Previously on The Walking Dead: ‘ello, Guv’nor!
Oof. That was a rough episode. For a show whose main character is a dad, we’ve only gotten a few glimpses of Rick’s skills as a parent. Over the past two seasons, we’ve watched as he’s slowly become a hardened, even brutal survivalist; this season, we’ve seen Carl become a sort of Mini-Rick, the Ken Griffey, Jr. to Rick’s Ken Griffey, the Robbie Alomar to Rick’s Sandy Alomar, Sr., the Kobe to Rick’s Jellybean. I suppose that if the true test of fatherhood is how well one prepares one’s kid to put a bullet in Mom’s head in the event that she dies while infected with a virus that will turn her into a zombie, then, yes, Rick’s a good dad. Attaboy, Carl! You’ve earned your Cold-Blooded Hardass merit badge!
But we’re getting ahead of ourselves. “Killing Time” was a strange, disjointed episode that would’ve been mere filler had it not been for Lori’s gnarly final exit. We start off with a bit of a mystery – who is leaving fresh meat for the walkers, cutting the gate chain so that they’re drawn inside the prison? Who indeed? Certainly not Hershel, who’s up and about(ish), recovering nicely from his footectomy. Certainly not Maggie and Glenn, who are just banging all the time now because what else is there to do? Gotta be either Axel or Oscar, the two surviving inmates who don’t seem to be happy to have a wing of the prison all to themselves. Right?
We’ll get back to the prison shortly. Over in Woodbury/Pleasantville, things are pretty chill; everything is clean and shipshape, except, as Michonne notes, the National Guard Hummer that The Gov and his crew brought back from the field. Michonne can’t help but notice all of the bullet holes, and the fresh blood. She takes the opportunity to ask some pretty pointed questions to The Gov, which doesn’t really make a whole lot of sense – if you’re suspicious of the guy who has a private army and a fortress-town, would you really want him to know that you’re on to his “benevolent leader” ruse? For someone who makes it a point to constantly remind Andrea how she was the one who kept them alive all this time, Michonne’s certainly doing her best to get them killed here in Woodbury.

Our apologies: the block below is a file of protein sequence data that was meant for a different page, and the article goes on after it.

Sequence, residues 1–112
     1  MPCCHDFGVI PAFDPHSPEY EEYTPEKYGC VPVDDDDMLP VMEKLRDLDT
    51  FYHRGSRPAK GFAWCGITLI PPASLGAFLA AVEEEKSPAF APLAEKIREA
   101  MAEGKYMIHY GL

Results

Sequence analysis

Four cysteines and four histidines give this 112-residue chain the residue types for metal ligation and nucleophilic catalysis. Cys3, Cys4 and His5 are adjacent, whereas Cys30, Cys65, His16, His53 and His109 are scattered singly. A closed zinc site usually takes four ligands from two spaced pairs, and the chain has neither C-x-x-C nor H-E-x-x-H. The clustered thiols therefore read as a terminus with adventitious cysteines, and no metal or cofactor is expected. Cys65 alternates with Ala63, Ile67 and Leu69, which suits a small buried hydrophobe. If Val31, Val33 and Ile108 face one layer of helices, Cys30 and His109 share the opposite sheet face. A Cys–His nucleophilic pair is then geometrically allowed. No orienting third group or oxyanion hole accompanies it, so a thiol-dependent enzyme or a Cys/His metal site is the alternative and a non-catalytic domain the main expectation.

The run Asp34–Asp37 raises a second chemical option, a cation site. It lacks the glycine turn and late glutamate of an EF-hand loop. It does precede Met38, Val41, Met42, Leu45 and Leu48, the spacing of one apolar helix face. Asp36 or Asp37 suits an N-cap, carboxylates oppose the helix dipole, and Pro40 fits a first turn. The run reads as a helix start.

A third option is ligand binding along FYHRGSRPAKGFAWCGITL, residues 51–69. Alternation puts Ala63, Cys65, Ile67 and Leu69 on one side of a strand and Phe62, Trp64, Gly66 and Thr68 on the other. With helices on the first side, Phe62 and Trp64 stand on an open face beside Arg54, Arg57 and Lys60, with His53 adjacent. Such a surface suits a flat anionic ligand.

Andrea, meanwhile, seems to be settling in. And look at her! She has two of Woodbury’s most eligible bachelors wooing her. She lets Merle know the location of the farmhouse where the gang was holed up last season, and he sort of hits on her in return. And she has a drink with The Gov – “Phillip,” to his close lady friends/disembodied zombie heads he keeps in aquariums – who tries to convince her to rethink her plans. (“Woodbury – come for the hot showers and the electricity, stay for the Zombie Golf!”) And his wily charms seem to have an effect; Andrea asks Michonne to delay their departure for a few days. Merle, on the other hand, wants to go and look for Daryl – The Gov politely but firmly tells him that’s not a great idea, and we wonder if Merle wonders just how “free” he and everyone else in Woodbury actually is.
Back at the prison, the gang is trying to decide what to do about Axel and Oscar. On the surface, both don’t necessarily seem like psycho killers; Daryl even argues that they’re probably not, that they may just be a couple of small-time petty criminals like he was. Does that mean he wants to let them join the group? Hell, naw. Only T-Dog musters some compassion for them, telling Rick that there’s no difference between letting them wander off into Zombieland and just shooting them here on the spot. Oh T-Dog, I fear you may be too good for this world. Then Lori, Maggie, Carol and Carl take Hershel out for a hop around the prison yard, and everyone is happy to see him up and about. The sun’s shining, Hershel is recovering, it’s shaping up to be a good day. Then a bunch of walkers show up, and Glenn wonders aloud why they can’t have a good day, one in which he does not have to use his AK. Speculation on that will have to wait, as there’s a bit of distance between Rick’s group and the others, and where’d all these walkers come from, anyway?